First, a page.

Read time: 3 minutes

Light Up Your Life

Scott Palasik

We have all heard stories about failure before:

  • Thomas Edison went through thousands of different filament materials before finding one that would work for a light bulb.
  • Before being elected to be President, Lincoln lost elections for state legislator, speaker of the Illinois Congress, a national congressional race, two national senate races, and a nomination for vice-president of the United States.
  • Michael Jordan is arguably the greatest professional basketball player ever to play. He missed half of his over 24,500 shots in a 15-year career.

So, what do these three individuals have in common? They all kept learning from their mistakes, losses, and miss attempts. It is easy to get down during moments of disappointment. The first thing we do is give up, but it is not just giving up on the task we are trying. It is giving up on ourselves.

Now, if you truly don’t like something because that hobby, job, or relationship does not fit you and your values, that’s different. However, if you give up on something you truly want simply because you encounter a setback, you won’t know what you are capable of.

Can you imagine what might have happened if Edison gave up on the light bulb after a couple of setbacks with filaments? What would the United States of America have been like if President Lincoln gave up on politics and never became the 16th president? The sports world would look very different if Michael Jordan gave up playing basketball in high school after he did not make the Varsity team as a sophomore because he was too short.

Believing in ourselves is the strongest ally we have on the planet. Fostering this belief in what we are doing, what we can learn, and how we can grow in whatever we do comes from adjusting to failures. Learning to do something better or in a new way is usually inspired by disappointment and perceived failures.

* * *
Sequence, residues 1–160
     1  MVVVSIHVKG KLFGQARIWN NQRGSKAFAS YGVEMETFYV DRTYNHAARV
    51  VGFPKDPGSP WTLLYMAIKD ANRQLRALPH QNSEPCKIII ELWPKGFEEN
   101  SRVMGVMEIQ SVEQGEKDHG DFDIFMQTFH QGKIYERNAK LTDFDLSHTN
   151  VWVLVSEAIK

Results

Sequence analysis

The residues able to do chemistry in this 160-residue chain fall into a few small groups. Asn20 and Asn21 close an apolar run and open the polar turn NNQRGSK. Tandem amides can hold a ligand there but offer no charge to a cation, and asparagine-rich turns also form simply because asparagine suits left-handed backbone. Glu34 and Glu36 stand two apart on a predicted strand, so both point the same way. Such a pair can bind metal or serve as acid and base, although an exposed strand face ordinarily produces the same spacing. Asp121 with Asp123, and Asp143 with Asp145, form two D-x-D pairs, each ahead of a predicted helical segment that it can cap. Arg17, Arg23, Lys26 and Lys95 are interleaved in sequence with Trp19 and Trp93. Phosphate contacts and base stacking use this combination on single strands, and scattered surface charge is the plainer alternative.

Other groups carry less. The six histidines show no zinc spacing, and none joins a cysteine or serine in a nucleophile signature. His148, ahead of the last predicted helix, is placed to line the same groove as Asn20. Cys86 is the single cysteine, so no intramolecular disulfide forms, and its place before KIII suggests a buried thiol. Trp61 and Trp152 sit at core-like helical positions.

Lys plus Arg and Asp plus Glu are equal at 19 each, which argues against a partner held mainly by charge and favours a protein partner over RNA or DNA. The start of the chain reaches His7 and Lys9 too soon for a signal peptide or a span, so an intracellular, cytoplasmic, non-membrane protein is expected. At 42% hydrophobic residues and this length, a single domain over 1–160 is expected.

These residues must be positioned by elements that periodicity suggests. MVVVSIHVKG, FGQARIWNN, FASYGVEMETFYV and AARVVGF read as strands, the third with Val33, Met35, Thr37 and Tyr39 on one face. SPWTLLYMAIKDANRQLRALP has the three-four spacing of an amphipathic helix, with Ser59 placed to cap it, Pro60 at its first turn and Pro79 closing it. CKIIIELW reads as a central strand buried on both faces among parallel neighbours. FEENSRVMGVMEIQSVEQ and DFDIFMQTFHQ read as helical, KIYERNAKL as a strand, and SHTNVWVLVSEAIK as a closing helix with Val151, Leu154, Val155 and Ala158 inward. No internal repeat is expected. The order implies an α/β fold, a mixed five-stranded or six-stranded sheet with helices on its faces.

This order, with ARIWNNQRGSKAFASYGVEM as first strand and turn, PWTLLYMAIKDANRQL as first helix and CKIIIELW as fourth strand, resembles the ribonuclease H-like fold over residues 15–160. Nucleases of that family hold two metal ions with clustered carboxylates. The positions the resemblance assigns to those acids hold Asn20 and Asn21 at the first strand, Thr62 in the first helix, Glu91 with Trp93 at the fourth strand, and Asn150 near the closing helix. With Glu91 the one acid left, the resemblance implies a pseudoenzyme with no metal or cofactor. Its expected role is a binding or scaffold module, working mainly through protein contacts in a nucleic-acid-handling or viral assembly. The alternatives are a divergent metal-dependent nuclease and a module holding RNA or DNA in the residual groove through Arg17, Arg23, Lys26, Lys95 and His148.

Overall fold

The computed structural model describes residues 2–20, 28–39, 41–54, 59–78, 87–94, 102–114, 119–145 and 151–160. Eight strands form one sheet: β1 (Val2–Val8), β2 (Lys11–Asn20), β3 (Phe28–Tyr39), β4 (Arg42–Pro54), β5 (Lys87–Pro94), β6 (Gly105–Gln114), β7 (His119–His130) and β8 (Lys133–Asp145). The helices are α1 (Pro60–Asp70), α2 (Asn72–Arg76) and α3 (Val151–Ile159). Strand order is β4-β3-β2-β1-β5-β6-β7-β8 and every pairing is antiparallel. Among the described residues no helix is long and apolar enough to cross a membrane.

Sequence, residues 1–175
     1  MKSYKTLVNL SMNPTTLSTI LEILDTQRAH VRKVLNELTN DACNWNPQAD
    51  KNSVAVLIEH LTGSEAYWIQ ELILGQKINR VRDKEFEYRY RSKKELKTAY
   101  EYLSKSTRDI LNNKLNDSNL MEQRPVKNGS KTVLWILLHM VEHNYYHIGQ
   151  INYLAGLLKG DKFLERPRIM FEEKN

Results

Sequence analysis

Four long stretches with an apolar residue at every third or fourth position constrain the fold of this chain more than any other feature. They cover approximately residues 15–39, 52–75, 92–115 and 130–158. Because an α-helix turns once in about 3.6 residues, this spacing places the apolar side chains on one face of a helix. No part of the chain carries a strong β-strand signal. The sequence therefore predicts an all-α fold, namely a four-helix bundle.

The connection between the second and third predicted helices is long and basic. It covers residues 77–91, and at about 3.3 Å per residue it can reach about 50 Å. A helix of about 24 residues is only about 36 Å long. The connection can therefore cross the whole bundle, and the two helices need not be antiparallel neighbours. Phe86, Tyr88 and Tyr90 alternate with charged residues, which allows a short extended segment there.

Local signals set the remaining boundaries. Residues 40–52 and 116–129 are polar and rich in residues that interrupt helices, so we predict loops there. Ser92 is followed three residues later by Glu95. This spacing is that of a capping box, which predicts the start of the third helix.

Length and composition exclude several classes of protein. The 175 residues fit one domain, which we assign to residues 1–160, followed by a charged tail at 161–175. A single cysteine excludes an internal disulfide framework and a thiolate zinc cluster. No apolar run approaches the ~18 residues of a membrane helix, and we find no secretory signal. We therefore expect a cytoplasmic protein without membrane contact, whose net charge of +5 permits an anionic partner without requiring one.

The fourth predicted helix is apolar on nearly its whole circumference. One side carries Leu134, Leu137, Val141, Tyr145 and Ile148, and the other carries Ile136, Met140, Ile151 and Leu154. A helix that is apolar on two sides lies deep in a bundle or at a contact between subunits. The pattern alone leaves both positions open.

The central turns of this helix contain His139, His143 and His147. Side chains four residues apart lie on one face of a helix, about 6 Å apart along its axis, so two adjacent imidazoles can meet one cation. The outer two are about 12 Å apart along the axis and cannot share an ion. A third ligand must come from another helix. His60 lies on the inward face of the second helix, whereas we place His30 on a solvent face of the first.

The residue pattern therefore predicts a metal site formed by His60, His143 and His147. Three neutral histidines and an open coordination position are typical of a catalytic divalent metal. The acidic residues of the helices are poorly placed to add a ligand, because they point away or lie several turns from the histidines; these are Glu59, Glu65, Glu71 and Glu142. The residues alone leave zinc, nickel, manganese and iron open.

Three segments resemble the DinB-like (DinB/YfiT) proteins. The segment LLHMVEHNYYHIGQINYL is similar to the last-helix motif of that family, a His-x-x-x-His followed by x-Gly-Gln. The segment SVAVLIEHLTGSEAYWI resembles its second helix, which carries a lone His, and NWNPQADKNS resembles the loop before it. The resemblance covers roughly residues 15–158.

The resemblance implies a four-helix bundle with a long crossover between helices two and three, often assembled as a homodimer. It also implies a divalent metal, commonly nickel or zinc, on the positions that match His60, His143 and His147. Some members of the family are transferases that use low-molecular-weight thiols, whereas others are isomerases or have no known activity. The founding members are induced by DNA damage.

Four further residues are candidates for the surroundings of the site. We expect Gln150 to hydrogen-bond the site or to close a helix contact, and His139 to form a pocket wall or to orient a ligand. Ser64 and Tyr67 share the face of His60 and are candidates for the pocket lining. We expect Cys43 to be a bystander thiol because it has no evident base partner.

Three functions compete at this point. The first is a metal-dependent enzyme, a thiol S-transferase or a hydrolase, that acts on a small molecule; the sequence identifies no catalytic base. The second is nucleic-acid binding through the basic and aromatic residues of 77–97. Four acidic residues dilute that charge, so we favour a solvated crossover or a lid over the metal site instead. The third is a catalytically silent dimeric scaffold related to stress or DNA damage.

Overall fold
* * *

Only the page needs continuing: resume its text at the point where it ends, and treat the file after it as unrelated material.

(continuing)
How we respond to disappointment and failure is what defines the course of how we might react if we lose again.

Nelson Mandela said, “I never lose. I either win or learn.” Talk about a wonderful way to approach life. Mandela did not look at disappointments or failures as losing. Instead, he saw losing as the opportunity to grow in some way. How we approach life can guide us to greatness.

What do you want to do better in your life? What can you learn from some of the mistakes in your past? How will you foster the belief in yourself to not give up on your dreams, no matter what they might b
e? We appreciate you all and all you have to offer the world. Remember to believe in yourself. We do. 

Connect, Communicate, and Collaborate. That IS the 3C way.

With compassion, kindness, and appreciation,

~ Scott Palasik

©Photo by Steven Parker from Getty Images via

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About the blogger

Scott Palasik, Ph.D., CCC-SLP

Scott values compassion and kindness toward himself and others. He values honesty and the power of creative expression. With these core values, Scott chose to pursue a life of helping others with communication disorders as a skilled Speech-Language Pathologist.

As a person who stutters, Scott has seen the ups and downs of struggling with daily communication and what comes with trying to manage the negative perceptions both internally and externally about communication disorder.

With 3C, Scott hopes to spread the idea that we can all support each other with education, collaboration of ideas, and to help us all build social capital for an accepting and caring community of communicators.

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